One mild Saturday morning in April I got up and drove into the Warwickshire countryside, where nestled away amid beautiful rolling yellow fields and rickety red brick buildings is an incredibly interesting story to be told.
I arrived at my destination where there were dogs running around in the lane, cows mooing off in the distance, chickens pecking in the grass and ducks snoozing by the pond.
Sounds like Old MacDonald’s farm right? Well this beautiful little place – this incredibly peaceful and quaint slice of English countryside – is in fact the base of Purity Brewing Co.
I was invited for a tour as part of the new Expedia Brewery Map which has been created by beer expert Melissa Cole: Purity has made the grade as one of the top 15 regional breweries in the UK to visit. I’m not quite sure what I had expected, but the idyllic farm set up wasn’t it. I guess because Purity was founded in 2005 and is therefore a relatively new craft brewery, I was picturing something more industrial looking. I soon learned that in contrast to the character buildings, the operation itself is anything but old fashioned.
We were greeted by our tour guide John, who gave us an incredibly warm welcome and led us into a small bar where we joined the other tour guests, who were all well stuck into their pints already.
We had a choice of a pint or a half. Q and I conservatively chose a half out of tactics; knowing we were about to embark on a 2 hour tour! John insisted that we kicked things off with their very first beer: ‘Pure Gold’.
We started the tour drinking around tables and listening to John (amid a few toilet breaks for the pint drinkers!) tell us all about the beginnings of Purity and the ethos behind the brand. I found myself learning a lot that I didn’t know about beer; for example I didn’t know that beer brewing was quite environmentally damaging. I could identify that there’s a lot of wastage in the spent hops and grains once you have what you need from them, but what I didn’t appreciate was the consumption of water. Did you know it takes on average six pints of water to create just one pint of beer? That’s insane! One of the main messages behind Purity is ‘brewing beer with a conscience’ and through more sustainable practices, they can make a pint of their beer with only 3 pints of water.
And the beer? Well it doesn’t suffer from the missing three pints, that’s for sure. The original Pure Gold is very light and refreshing with honey and citrus flavours and minimal bitter notes. It catches the light beautifully and John encouraged us all to hold our glasses up and appreciate the golden glow that reflects off the liquid.
Kinda ‘fluffy’ stuff for the beer drinking stereotype you might think? But this is another ethos behind Purity that we were told about: they want to create beers with more culture. John raised a very valid point that beer can be just as complex as wine: so why not pair them with food? Their modern way of thinking extends to creating products which appeal to a more diverse audience of younger people and females. How refreshing! I think I’m good evidence of their success: as you know I’m primarily a cider girl but here I was enjoying an ale just as much as a scrumpy.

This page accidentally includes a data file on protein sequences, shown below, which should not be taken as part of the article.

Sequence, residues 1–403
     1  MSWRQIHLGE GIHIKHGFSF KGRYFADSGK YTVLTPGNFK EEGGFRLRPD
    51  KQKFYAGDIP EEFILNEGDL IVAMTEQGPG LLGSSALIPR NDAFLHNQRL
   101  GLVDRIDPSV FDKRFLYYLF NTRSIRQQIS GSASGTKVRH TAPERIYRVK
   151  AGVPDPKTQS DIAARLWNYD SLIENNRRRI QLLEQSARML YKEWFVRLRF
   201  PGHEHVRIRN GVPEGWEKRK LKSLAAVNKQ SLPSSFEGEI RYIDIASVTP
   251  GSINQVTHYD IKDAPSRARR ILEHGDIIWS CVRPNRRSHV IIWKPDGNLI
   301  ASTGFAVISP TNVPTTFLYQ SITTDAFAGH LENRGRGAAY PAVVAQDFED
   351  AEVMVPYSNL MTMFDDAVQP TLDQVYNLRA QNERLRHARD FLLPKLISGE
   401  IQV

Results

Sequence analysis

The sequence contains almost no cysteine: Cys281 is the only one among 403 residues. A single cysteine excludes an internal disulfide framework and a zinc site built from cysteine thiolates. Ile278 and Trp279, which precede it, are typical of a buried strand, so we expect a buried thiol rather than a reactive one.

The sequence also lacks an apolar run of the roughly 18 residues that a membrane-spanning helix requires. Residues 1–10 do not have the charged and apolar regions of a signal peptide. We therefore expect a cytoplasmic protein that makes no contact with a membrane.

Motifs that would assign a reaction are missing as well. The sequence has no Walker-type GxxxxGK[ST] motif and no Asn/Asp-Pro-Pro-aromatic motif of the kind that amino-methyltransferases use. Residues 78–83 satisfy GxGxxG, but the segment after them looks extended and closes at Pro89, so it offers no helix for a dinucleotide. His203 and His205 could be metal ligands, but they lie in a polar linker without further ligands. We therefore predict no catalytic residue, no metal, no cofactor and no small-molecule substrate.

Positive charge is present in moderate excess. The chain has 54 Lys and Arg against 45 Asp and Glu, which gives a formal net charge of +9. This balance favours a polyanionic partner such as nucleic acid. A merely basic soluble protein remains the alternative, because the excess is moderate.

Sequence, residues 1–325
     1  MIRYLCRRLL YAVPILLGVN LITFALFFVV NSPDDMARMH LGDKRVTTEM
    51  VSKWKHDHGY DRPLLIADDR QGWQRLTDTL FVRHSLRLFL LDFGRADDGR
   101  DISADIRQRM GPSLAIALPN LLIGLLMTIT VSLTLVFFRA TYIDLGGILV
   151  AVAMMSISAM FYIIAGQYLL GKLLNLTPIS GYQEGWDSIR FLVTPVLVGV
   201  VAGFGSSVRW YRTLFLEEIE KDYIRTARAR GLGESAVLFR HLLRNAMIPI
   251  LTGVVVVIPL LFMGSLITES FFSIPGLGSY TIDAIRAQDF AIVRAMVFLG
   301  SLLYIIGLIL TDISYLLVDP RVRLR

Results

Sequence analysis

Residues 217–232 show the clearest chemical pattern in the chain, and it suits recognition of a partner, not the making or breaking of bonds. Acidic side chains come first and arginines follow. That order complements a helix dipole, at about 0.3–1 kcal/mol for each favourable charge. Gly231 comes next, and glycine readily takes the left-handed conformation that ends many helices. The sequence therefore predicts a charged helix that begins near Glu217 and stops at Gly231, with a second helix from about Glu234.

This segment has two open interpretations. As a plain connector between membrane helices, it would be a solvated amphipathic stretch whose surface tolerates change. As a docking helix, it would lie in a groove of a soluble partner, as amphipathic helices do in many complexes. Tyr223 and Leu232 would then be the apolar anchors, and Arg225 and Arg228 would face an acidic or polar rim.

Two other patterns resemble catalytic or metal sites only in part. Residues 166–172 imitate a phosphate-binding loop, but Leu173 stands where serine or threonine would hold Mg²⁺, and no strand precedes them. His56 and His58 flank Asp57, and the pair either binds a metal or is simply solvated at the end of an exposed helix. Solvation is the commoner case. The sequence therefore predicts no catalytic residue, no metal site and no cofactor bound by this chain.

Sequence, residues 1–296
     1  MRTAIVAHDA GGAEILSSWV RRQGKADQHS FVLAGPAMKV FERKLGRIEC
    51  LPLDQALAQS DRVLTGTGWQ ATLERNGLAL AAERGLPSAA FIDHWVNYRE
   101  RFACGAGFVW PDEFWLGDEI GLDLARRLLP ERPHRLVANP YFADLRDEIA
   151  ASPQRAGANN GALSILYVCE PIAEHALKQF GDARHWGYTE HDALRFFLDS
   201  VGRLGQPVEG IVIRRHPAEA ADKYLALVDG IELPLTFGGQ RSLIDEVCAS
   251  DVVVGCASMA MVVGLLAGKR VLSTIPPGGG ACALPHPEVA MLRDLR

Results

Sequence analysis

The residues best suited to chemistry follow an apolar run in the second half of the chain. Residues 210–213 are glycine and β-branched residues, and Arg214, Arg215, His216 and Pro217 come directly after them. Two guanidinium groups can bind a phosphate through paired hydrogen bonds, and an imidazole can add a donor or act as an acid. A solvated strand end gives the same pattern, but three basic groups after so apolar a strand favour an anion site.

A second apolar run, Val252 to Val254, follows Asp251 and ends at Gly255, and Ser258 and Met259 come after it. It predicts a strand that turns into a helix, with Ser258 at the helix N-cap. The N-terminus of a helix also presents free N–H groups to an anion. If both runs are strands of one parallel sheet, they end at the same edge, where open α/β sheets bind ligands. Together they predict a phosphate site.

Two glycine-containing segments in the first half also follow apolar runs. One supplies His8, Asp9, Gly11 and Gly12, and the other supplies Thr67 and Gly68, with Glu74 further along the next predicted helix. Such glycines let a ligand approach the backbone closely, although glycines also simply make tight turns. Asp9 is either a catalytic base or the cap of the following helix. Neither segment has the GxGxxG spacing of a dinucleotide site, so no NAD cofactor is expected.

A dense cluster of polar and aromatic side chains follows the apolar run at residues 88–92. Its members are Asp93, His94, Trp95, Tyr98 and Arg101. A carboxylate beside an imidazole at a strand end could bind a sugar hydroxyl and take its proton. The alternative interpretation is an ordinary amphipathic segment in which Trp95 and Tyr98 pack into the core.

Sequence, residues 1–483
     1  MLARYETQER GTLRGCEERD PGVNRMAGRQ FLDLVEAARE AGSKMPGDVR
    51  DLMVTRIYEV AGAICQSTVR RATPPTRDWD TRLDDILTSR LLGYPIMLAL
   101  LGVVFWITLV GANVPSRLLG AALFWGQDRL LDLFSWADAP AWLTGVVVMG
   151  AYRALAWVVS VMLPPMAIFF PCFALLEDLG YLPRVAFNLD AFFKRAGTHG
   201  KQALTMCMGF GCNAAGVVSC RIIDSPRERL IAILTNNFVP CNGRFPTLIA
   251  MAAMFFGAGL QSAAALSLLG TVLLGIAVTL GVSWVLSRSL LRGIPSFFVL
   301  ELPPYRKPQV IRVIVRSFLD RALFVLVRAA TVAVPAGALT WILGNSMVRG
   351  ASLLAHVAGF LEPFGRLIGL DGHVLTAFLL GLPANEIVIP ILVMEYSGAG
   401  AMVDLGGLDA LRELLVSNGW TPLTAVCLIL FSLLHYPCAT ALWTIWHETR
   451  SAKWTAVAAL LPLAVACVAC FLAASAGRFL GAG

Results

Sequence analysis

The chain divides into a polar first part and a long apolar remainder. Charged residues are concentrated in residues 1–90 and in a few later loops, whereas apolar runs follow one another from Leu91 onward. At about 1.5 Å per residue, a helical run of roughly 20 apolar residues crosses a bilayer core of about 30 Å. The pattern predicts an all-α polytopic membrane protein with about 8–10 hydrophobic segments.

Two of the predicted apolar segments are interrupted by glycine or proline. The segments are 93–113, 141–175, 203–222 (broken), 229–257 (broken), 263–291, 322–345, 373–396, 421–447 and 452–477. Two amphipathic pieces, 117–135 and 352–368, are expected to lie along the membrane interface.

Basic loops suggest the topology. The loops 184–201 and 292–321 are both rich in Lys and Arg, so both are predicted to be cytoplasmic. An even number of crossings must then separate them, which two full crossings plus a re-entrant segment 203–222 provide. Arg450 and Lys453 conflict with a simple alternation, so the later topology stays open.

Saying that, there was still a very clear demographic on the tour!
There’s a wonderful cereal smell as you enter the grain stores.
The whole brewery is a pretty slick place: very clean and tidy with lots of immaculate silver towers and containers. We stopped by the store of hops where we picked some out and gave them a good inspection and smell. Amazingly, the kind that Purity use smell just like mangoes! I could instantly see where those fruity notes in the Pure Gold came from.
Next we were taken to the wetlands.
This is where they cut down on those three pints or water. This is an incredible man-made system of numerous ponds staggered downhill. Here the waste water from the brewing process is discarded and as it filters through the banks into each pond, is cleaned. How bloody clever. This is when you know a brand isn’t just paying lip service to sustainability. The wildlife seems to like it too: we had dragonflies darting all around us as we listened to John.
Down in this part of the tour the mooing of the cows was louder than ever and we got a special detour to visit them!
Beautiful longhorns! Reducing waste again, the cows are fed the spent grain and hops, meaning the cows get a tasty meal and when it comes to slaughter? Well, we get a tasty meal too.
We finished the tour back at the bar where we got free rein to pick from the beers on offer. The selection of seven is small and personal with each beer having a story behind it. Q chose a pint of ‘Mad Goose’ which is quite literally named after a very angry goose which used to live on the farm and chase people! There’s UBU (“oo-boo’) named after the farm dog (perhaps the one we spotted when we arrived!) and you can even have a pint of ‘Longhorn’ in honour of those lovely cows.
We finished up our drinks and finished up our visit in the Purity shop where they have a fantastic selection of their own products as well as other beers and ciders. Q and I had a little shopping spree!
I really, really enjoyed my visit to Purity. The tour is an absolute bargain at £16.50 and was hugely insightful with plenty of comedy. I found myself learning a lot and came away with plenty of interesting facts about beer that I’ll proudly recite next time I’m down the pub!
Disclosure: This was a paid visit. As always all thoughts are my own.